Americans will spend big bucks to be part of the Super Bowl action

BY newsdesk  January 22, 2014 at 5:06 PM EST
Heading to the Super Bowl soon? Hope you have a friend in New York -- hotel rooms that normally cost $100 a night are now $1,000. Photo by Gregory Shamus/Getty Images

Heading to the Super Bowl soon? Hope you have a friend in New York — hotel rooms that normally cost $100 a night are now $1,000. Photo by Gregory Shamus/Getty Images

The NFL’s Super Bowl is one of the biggest sporting events on the planet, a fact made obvious by the stunning amount of money spent and food eaten over the course of the game’s weekend.

Super Bowl XLVIII, a contest between the Denver Broncos and Seattle Seahawks scheduled for Sunday, Feb. 2, at MetLife Stadium in New Jersey, promises to be no different.

DealNews.com’s Lou Carlozo broke down the numbers in a column Tuesday, counting everything from Vegas bets to hotel room costs:

“In 2013, sports fans bet a record $98.9 million at Nevada casinos on the Super Bowl, according to the Nevada Gaming Control Board. That number shattered 2012′s mark of $93.9 million, and based on conservative estimates, we may see $104 million in bets placed on this year’s contest.”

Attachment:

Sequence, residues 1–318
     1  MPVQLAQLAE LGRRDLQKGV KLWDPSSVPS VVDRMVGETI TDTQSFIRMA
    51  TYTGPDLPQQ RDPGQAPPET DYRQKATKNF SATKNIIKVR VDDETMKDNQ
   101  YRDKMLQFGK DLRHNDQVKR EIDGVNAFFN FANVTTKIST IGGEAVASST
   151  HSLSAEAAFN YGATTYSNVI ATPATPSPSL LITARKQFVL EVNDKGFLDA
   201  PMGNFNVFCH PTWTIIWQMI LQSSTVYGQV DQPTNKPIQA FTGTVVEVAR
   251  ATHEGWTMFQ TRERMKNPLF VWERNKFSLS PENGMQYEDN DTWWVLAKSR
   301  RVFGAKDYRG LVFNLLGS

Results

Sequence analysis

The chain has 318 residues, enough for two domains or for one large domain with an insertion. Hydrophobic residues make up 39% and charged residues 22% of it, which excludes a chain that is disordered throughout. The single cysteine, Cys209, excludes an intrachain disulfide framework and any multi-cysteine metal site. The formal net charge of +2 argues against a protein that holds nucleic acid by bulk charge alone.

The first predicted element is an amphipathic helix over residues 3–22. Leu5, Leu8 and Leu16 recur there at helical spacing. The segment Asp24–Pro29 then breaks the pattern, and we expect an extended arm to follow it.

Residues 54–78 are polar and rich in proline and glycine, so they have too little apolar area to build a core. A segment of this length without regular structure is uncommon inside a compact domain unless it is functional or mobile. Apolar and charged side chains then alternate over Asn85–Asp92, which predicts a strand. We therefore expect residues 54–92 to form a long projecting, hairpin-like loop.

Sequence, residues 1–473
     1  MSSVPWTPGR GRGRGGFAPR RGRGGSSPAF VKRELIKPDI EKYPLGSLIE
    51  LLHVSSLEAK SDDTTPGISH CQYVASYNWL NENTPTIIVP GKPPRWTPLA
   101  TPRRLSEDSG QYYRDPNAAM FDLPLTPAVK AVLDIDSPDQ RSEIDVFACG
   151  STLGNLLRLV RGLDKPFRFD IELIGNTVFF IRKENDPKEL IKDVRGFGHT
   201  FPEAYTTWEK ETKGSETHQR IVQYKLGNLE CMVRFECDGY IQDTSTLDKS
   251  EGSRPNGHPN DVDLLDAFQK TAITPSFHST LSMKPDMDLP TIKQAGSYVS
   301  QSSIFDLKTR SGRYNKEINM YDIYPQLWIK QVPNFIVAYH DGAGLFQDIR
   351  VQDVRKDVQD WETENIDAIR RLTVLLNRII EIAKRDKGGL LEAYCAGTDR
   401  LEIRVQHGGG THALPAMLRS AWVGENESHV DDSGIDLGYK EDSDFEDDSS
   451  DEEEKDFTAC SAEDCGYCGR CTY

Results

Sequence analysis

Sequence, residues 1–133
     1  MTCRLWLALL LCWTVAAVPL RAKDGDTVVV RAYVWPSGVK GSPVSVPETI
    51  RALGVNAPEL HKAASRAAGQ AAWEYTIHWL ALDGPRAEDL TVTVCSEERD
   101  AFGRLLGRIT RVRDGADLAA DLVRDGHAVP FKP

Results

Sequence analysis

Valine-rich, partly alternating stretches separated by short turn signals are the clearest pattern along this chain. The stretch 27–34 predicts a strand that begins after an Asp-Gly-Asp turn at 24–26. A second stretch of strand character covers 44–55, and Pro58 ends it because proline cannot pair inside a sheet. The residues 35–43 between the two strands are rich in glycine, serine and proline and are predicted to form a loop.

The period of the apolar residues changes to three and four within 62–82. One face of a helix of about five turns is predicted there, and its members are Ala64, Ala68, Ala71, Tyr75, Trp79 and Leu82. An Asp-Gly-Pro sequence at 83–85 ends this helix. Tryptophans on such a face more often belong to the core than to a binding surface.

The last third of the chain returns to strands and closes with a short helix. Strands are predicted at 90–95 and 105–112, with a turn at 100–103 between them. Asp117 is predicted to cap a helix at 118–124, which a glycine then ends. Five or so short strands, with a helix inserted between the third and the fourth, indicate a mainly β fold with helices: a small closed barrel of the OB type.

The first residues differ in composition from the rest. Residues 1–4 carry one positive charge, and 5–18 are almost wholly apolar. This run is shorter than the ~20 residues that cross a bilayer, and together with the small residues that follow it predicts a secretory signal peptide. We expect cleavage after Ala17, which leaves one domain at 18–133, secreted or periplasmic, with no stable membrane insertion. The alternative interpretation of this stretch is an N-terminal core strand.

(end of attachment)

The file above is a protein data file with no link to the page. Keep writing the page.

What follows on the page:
“Buffalo, N.Y.’s home team may be fated to never win a Super Bowl for the next 173 years, but as the birthplace of the Buffalo wing, it’s winning a Super Bowl contest of a different sort. Wings and Super Bowl Sunday go hand-in-hand, and we’re forecasting that 1.25 billion wings will be eaten this year, based on 2013 and 2012 figures from none other than the National Chicken Council.”

“Inexpensive rooms that normally cost around $100 per night are going for $1,000 during the week of the big event. And while that’s a 90 percent increase, that’s chump change compared to the more luxurious options. A night at the Ritz Carlton will cost $5,000 per night or more, while renting a luxury home will clock in at $35,000 per week.”

In addition to Carlozo’s data, a 2013 Nielsen article tells us more about consumers’ habits during the big game — including the surprising fact that vegetables and fresh fruit are served more often than pizza and buffalo wings.